BUENOS AIRES—Argentine Special Prosecutor Alberto Nisman was not answering his phone, and his mother was growing worried.
It was the eve of Nisman’s testimony to Congress on Jan. 19, 2015—a monumental event that threatened to expose the sitting president for the biggest cover-up scandal in the nation’s history. Nisman was set to explain, in detail, the bombshell claim he had first made four days prior: that then-President Cristina Kirchner attempted to cover up Iran’s role in the murders of 85 citizens in a 1994 suicide bombing on a Jewish community center that razed several downtown buildings.
Nisman had revealed that Kirchner secretly signed a Memorandum of Understanding with Iran, which stipulated that a binational commission would be formed to re-investigate the incident—and that Iranian suspects could only be interrogated in Tehran. The prosecutor lambasted the deal as an attempt to provide legal immunity to Iranian officials suspected of masterminding the bombing. The “treasonous act,” Nisman had said, was part of the president’s plan to “reconcile with the Islamic Republic of Iran, and restore full state-to-state commercial ties to alleviate Argentina’s severe energy crisis.”
But Nisman never made it to his testimony hearing. After failing to hear from her son the night prior, the lawyer’s mother, Sara Garfunkel, eventually decided to drive to the posh apartment he’d taken after a recent divorce. There, to her horror, she stumbled on his lifeless body in the bathroom, in a puddle of congealing blood, with a gun awkwardly placed by his side.
Almost immediately, Kirchner announced that Nisman, 51, a charismatic federal prosecutor, had committed suicide. She later mused that Nisman may have died in a “gay orgy” before lashing out that he was a profligate womanizer. A rushed autopsy was conducted without the knowledge of Nisman’s family. An Argentine police investigation determined that the cause of death was homicide disguised to look like a suicide, but in the grinding void that is Argentina’s judiciary, no one has been charged with the crime.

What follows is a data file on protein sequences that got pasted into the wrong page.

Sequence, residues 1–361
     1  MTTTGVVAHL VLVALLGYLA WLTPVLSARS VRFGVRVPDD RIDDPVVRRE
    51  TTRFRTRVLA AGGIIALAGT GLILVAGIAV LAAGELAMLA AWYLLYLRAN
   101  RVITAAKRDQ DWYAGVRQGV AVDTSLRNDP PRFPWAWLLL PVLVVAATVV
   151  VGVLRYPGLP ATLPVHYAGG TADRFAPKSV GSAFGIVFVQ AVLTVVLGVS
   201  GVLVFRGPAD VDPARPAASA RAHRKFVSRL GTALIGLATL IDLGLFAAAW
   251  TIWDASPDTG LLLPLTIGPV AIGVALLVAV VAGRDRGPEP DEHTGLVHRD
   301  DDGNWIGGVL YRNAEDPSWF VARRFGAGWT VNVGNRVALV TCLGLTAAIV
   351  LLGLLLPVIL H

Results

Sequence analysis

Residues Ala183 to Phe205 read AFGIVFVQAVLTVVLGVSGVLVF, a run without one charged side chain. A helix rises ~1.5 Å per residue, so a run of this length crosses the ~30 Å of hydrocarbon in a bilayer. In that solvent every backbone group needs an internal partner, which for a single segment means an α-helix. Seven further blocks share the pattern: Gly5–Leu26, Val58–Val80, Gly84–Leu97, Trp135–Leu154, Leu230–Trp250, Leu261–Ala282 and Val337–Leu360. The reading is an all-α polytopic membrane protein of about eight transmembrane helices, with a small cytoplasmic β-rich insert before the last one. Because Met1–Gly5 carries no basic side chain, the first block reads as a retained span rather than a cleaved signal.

Cristina Kirchner was unseated in October 2015, losing to Mauricio Macri, a centrist who attempted to root out corruption in the country. But her time out of office would be short-lived: In 2019, Macri lost to a team composed by Kirchner, who is back as an all-powerful vice-president, with her former deputy, Alberto Fernández, now president. Not long after, a federal court in Buenos Aires ruled that Kirchner’s secret agreement with Iran, whose existence Iran initially denied—the heart of Nisman’s claim of treason—“did not constitute a crime.”
“She came back to annul the corruption charges against her,” Waldo Wolff, an opposition legislator, told The Daily Beast.
Now, on the week of the seventh anniversary of Nisman’s death, the Argentine government has decided to add salt to the open wound of the Nisman affair.
Argentine government spokesperson Gabriela Cerruti launched a Twitter war last Sunday denying any Argentine responsibility for persecuting those accused of planning and executing the bombing. Israel, she asserted, should instead be pursuing the killers. Cerruti explained that Iranian Vice President Mohsen Rezaee, against whom Argentina in 2006 issued an international arrest warrant for his role in the 1994 attack, was “someone wanted by Interpol and the Mossad… [who] have far greater intelligence resources than a Latin American embassy in a Caribbean country.”